I know I need to learn Git and GitHub, and these are my reasons:

  • Git is a powerful and widely-used version control system: My soul career in the foreseeable future is in the data and tech space. Git and GitHub are very much an industry standard, so proficiency in these tools is a valuable asset for career advancement. Many companies use Git and GitHub for version control and collaboration. I know our Head Offices in US and Germany use Git.
  • GitHub is the largest code hosting platform: GitHub is the most popular platform for hosting and sharing code. Learning it will give me access to a vast ecosystem of open-source code and a community of developers and data professionals who can help me learn and grow.
  • Professional Development: GitHub is a great place to showcase projects and contributions. I can leverage it to make me a more desirable candidate for a job or a freelance/ consulting opportunity.

Which Should You Learn First, Git or GitHub?

What should you learn first if you need and want to learn Git and GitHub? Depending on the source or who you speak to, they may recommend that you learn either Git or GiHub first as a beginner. The reason for pro-Git firsts is that Git is the foundation of version control and the underlying technology that powers GitHub. However, I’m not comfortable using the command-line tool; therefore, I’m pro-GitHub first. I think GitHub user-friendly interface makes it easier to learn about Git. The graphical interface of GitHub allows you to perform many common Git tasks, such as creating and managing repositories, viewing commit history, working with branches etc., without having to memorize Git commands.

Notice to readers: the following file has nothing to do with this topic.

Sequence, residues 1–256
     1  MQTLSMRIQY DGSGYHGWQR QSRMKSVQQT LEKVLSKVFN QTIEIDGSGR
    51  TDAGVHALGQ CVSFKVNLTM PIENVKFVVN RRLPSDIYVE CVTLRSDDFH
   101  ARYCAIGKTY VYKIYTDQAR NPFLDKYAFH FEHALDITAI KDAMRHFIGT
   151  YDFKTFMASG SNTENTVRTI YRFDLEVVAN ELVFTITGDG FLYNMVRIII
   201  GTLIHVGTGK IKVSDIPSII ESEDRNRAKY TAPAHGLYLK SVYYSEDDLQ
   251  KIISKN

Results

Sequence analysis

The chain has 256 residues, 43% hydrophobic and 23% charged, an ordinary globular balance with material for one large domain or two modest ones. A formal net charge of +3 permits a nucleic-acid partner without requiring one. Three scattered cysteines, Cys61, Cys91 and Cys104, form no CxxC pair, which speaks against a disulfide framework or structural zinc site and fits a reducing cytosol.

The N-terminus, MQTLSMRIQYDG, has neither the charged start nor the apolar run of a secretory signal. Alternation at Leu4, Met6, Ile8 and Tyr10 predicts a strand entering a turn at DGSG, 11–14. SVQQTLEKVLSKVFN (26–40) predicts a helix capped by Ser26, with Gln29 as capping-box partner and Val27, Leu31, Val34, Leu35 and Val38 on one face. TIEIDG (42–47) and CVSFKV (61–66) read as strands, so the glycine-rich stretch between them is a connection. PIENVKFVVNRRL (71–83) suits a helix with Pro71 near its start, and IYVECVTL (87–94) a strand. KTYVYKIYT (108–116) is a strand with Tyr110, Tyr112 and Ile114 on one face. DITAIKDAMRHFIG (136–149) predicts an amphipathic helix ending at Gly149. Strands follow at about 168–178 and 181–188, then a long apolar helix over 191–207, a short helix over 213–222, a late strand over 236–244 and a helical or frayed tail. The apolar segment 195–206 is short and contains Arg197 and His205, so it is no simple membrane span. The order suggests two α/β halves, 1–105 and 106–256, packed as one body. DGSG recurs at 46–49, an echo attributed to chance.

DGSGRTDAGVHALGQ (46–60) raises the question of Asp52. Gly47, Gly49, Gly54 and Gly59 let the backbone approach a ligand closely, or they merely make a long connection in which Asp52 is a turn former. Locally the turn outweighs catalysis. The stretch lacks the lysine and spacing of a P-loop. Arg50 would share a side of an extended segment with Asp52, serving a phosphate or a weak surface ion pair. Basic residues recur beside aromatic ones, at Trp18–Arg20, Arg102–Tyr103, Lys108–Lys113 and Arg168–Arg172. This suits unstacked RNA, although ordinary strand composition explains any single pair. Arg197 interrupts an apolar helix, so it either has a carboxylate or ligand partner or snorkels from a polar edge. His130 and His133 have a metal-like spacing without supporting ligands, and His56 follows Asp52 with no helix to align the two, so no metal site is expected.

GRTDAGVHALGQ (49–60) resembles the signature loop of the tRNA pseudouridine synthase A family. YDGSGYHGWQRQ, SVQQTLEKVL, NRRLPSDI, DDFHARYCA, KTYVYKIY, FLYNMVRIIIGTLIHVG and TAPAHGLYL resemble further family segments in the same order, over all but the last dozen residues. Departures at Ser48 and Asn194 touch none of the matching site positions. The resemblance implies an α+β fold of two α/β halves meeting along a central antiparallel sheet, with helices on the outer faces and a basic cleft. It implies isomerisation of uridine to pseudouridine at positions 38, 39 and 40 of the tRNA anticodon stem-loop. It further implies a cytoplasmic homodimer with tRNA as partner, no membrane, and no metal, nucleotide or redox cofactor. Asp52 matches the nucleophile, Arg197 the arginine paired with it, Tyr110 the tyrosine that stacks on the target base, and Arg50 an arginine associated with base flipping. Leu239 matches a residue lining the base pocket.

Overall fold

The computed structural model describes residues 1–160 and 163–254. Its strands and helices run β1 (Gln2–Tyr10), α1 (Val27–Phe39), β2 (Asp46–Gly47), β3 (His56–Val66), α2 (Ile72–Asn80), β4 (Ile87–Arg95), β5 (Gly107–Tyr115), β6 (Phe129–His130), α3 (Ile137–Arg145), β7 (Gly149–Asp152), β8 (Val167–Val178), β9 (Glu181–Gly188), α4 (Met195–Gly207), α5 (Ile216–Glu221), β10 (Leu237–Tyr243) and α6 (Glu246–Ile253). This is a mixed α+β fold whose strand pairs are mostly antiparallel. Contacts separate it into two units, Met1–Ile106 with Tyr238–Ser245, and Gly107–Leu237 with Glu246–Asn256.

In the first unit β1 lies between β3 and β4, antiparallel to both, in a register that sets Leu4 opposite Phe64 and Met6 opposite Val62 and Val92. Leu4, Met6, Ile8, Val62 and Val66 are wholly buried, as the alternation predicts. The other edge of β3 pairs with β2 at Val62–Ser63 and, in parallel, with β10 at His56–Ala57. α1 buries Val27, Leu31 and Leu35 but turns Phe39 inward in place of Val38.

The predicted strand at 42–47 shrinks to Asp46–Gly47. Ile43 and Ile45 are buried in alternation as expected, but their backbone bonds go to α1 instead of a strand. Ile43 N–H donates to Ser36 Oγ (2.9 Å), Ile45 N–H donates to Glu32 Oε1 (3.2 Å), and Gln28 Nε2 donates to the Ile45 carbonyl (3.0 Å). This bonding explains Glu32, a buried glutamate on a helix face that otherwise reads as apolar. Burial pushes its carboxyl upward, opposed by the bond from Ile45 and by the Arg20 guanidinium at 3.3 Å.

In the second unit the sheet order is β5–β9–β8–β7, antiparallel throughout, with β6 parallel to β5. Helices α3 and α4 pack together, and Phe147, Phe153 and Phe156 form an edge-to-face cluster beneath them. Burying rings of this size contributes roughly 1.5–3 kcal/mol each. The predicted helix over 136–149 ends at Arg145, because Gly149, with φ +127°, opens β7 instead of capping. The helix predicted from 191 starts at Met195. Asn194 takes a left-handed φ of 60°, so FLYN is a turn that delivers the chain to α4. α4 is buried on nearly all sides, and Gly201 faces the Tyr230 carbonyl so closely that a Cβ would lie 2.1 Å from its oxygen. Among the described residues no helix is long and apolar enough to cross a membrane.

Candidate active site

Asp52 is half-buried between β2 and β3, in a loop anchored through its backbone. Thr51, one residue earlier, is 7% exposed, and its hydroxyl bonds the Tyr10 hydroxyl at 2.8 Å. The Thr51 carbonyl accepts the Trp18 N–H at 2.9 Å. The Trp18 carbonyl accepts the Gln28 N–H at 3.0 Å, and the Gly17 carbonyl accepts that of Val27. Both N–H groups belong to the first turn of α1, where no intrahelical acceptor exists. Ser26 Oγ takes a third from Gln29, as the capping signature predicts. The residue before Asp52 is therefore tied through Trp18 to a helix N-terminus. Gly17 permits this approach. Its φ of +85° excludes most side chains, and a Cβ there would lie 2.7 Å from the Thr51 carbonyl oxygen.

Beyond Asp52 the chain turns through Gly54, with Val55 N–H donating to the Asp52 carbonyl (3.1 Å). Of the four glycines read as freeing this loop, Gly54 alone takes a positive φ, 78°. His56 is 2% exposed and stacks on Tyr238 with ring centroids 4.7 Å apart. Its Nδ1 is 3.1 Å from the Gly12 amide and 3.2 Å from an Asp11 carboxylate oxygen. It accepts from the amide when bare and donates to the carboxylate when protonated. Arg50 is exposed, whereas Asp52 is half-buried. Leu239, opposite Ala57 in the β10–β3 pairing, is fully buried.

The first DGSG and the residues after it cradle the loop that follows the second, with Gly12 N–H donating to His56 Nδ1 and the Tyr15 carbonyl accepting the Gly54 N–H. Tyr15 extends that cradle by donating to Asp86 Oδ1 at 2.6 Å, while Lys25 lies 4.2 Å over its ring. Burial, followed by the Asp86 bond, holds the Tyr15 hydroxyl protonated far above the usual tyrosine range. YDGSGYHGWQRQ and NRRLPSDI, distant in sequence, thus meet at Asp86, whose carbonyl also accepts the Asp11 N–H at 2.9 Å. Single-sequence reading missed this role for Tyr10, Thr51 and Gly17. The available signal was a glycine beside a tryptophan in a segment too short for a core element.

Both approaches have their advantages and disadvantages. It depends on your learning style. If you’re a visual learner, starting with GitHub is probably easier. If you prefer to learn the concepts and mechanics first, then beginning with Git might be more suitable. Ultimately, the best approach is the one that works for you and your learning style.

Key Git Concepts and Terminologies to Start With

Here are some key concepts and terminologies to start you off:

  • Repository: A collection of files and their complete revision history. It can be thought of as a project or a folder that contains all the files and folders related to a project. People often refer to it as repo.
  • Commit: A saved point in the revision history of a repository, representing the state of the files at a specific point in time. Each commit includes a unique ID, a message describing the changes, and the author of the changes. So essentially, it’s like “Save”.
  • Branch: A parallel version of a repository, allowing multiple project versions to be developed simultaneously. If you want to experiment with your code and don’t want to disrupt the main trunk, then you can create a branch.
  • Merge: Combining multiple branches, usually to bring changes from one branch to another.
  • Pull request: A request to merge one branch into another, usually used to review and collaborate on code changes before merging.
  • Fork: A copy of a repository, usually used to make changes to an existing project without affecting the original project.
  • Clone: A local copy of a repository, typically used to work on the code locally and push changes back to the remote repository.

Check out Git or Github if you want to get started now. GitHub provides tutorials. Here are a couple of free resources that you can also refer to:

That’s it from me for now. So, do you think you need to learn Git or GitHub?